Lifetime passions contained in small packages

By Nora Vasconcelos

Surprises in a box.
Surprises in a box.
Loving books is a passion that makes absolutely impossible to pass by a bookstore and not going inside. Once inside, it’s like the readers paradise. Time just passes by as if it were not actually passing by.

The bookstore becomes an imaginary maze in which it’s really easy to get lost and the desire to go somewhere else simply disappears. And then when the clock says it’s time to go, the pressing feeling of trying to gather as much as it’s possible in the very last minutes at the bookstore, makes the eyes become a hunter that see as far as possible to see if there’s one more book to be bought before the line end at the cashier.

It’s there when these lovely small books and little boxes containing amazing and unbelievable topics appear, And it’s there when I’m always unable to resist the temptation to see what last-minute novelty I can find.

Of course, I never get dissapointed, and of course, I’m always very satisfy with my acquisitions once I finally manage to leave the store.

My last three little purchases are about three of my dearest passions in life: books, coffee and chocolate

Quick look at great books, by W. John Cambell, is a little box that contains 48 cards with literary references to the same ammount of classic titles of all times literature. On one side of the card there’s information about a book and an author, and on the other side there’s a diagram that helps the reader to have a clear idea about the plot of the book.

All About Coffee, by Evelyn Sinclair, is a quiz deck, also with 48 cards, but in this case, on one side of the card there’s a question related to coffee, and on the other side, the answer.

And, Chocolate, the Exquisite Indulgence, printed by Running Press, is a lovely small book that manages to contain 126 pages with photos, history, recipes and quotes, all related to choclate. It’s so beautifuly presented that it’s hard not to get hungry while going through it.

So, now that I’m very pleased with my little treasures, I just want to say: Cheers to little literary surprises contained in small packages!

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Marie Antoinette, when life works against a princess destiny

Unexpected turns in life.
Unexpected turns in life.
While staying in an inn, Sena Jeter Naslund found a biography of Marie Antoinette. Then the idea of writing a novel based on the life and death of the French queen came to her mind. However, the author was really interested in showing a more humane side of Marie Antoinette as for the readers to have the opportunity to know a more complex character and not only the one that has often been known, as someone who was purely superficial.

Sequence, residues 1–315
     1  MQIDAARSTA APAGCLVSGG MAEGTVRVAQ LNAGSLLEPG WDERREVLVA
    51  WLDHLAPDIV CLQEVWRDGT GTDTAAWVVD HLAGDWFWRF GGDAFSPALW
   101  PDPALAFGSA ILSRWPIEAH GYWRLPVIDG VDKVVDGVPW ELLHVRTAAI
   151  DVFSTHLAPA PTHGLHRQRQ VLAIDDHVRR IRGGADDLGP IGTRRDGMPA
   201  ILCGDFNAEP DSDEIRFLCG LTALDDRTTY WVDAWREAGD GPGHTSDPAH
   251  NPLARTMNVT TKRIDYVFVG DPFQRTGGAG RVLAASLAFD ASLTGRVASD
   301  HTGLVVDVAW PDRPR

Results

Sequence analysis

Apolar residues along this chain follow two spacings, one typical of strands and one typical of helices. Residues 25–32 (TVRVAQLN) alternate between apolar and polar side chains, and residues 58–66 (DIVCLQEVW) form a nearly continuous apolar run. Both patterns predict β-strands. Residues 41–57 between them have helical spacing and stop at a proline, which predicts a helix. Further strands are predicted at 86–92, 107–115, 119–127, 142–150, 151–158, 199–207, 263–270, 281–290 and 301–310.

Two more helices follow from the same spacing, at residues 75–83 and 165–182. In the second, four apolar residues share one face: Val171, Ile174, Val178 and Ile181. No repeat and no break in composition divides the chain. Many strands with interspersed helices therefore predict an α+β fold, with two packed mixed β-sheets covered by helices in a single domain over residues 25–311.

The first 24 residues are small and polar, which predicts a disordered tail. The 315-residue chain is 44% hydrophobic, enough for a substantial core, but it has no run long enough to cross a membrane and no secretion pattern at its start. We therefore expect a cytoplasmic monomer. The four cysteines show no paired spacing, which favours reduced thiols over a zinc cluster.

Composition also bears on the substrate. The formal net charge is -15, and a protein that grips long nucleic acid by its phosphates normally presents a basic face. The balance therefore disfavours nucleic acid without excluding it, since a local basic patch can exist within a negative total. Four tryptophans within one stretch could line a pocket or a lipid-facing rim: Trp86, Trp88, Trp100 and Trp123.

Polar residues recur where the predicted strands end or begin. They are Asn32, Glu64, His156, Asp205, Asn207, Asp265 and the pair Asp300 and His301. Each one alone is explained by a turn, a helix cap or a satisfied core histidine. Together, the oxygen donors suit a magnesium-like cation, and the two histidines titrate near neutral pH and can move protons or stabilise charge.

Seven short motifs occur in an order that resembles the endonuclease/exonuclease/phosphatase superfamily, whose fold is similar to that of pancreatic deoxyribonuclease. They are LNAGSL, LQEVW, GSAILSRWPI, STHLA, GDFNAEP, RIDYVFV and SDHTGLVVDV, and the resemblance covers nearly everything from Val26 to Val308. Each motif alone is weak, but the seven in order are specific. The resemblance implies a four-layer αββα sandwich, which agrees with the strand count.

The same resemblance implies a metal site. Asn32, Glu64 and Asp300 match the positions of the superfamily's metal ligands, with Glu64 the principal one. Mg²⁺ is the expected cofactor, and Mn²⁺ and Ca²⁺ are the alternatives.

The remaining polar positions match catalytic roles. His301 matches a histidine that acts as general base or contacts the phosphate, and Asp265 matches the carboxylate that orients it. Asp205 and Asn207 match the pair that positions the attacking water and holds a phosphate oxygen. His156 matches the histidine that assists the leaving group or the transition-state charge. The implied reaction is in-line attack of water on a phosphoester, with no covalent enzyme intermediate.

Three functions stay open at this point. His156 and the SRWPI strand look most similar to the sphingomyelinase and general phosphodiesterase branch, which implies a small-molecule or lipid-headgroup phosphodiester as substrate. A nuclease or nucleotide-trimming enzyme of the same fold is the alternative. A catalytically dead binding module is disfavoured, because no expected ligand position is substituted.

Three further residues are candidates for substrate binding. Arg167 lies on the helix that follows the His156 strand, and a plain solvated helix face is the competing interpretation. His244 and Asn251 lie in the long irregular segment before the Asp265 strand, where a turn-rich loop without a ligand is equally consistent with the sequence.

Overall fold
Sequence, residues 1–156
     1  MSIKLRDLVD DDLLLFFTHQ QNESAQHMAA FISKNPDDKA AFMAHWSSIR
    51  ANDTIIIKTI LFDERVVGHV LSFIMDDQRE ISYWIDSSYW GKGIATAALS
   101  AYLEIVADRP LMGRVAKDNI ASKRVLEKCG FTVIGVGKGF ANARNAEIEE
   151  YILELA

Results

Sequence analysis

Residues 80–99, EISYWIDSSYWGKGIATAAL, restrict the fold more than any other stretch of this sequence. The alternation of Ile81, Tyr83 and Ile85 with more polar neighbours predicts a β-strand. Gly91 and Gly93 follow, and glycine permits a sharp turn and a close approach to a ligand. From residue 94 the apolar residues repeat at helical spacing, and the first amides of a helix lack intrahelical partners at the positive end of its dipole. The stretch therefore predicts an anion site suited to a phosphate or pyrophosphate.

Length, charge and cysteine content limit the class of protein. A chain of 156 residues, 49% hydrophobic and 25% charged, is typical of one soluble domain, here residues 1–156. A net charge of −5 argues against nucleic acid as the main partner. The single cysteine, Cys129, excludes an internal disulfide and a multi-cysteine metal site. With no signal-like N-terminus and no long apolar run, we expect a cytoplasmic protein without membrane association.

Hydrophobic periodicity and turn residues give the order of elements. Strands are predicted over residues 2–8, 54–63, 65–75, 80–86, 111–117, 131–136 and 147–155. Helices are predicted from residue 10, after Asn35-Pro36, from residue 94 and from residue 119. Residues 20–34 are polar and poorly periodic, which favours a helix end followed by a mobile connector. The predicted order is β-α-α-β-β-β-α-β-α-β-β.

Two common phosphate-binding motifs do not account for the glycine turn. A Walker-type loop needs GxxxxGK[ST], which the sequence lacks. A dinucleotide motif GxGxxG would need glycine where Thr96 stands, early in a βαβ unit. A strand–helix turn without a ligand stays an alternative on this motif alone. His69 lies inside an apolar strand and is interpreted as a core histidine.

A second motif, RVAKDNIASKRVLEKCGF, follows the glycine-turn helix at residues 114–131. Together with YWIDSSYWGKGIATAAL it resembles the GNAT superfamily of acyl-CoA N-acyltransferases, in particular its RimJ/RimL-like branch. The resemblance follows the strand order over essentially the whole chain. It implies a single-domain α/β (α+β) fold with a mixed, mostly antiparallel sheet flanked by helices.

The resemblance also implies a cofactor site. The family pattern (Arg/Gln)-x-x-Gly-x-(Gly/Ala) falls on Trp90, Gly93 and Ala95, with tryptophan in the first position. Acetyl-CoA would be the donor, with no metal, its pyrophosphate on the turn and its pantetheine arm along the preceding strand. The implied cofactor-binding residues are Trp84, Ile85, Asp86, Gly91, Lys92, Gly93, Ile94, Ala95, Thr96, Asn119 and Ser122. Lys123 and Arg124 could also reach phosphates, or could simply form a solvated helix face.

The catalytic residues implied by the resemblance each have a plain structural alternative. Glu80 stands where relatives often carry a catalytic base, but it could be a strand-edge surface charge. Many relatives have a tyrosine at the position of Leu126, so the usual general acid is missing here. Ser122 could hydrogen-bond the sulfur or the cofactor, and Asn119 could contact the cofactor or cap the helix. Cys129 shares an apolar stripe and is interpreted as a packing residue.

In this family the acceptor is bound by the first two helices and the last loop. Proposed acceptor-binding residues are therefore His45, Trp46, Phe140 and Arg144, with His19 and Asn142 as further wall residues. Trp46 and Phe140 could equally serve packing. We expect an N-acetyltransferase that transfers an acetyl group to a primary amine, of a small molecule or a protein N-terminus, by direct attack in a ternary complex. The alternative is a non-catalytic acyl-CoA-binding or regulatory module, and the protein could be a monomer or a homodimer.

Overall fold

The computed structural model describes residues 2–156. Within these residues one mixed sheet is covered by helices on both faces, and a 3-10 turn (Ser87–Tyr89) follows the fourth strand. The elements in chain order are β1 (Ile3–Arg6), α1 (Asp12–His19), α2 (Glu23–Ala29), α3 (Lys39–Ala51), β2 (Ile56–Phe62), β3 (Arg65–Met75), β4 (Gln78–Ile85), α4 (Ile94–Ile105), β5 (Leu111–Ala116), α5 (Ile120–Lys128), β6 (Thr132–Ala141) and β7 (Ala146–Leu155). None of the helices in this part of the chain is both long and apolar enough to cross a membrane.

To achieve that, Jeter spent a lot of time researching and reading several biographies of Marie Antoinette. Then she traveled to Europe and spend a good deal of time visiting the places that were important in the life of the queen who was born in Austria and then spent most of her life living in Versailles and Paris.

All this work allowed her to get to know Marie Antoinette, her life, her favorite things, her hobbies, her worries, her hopes and dreams, and how she went from being an enthusiastic girl who married the futuro king of France when they both were really young, and was eager to please the people of France, to being the queen of a country that was changing and that found on the destitution of the royal family a symbol of that change.

Jeter was able to reproduce in great detail all this in her novel Abundance, a novel of Marie Anotinette in which she shows how a girl who was born to being a princess and become a queen, had to face a life that she hadn’t expected, which ended later on at the guillotine.

As the book is written in first person, all the story is told by Marie Antoinette hereself which makes the reader feel really inside of the story.

As the end of the novel approches, it’s hard not to wonder how the author will manage to present the last minutes on Marie Antoinette’s life, as the story is told by herself.

In the end, Jeter works it out very gracefully, and the idea of having known Marie Antoinette as a person beyond the crown lingers for a long while.

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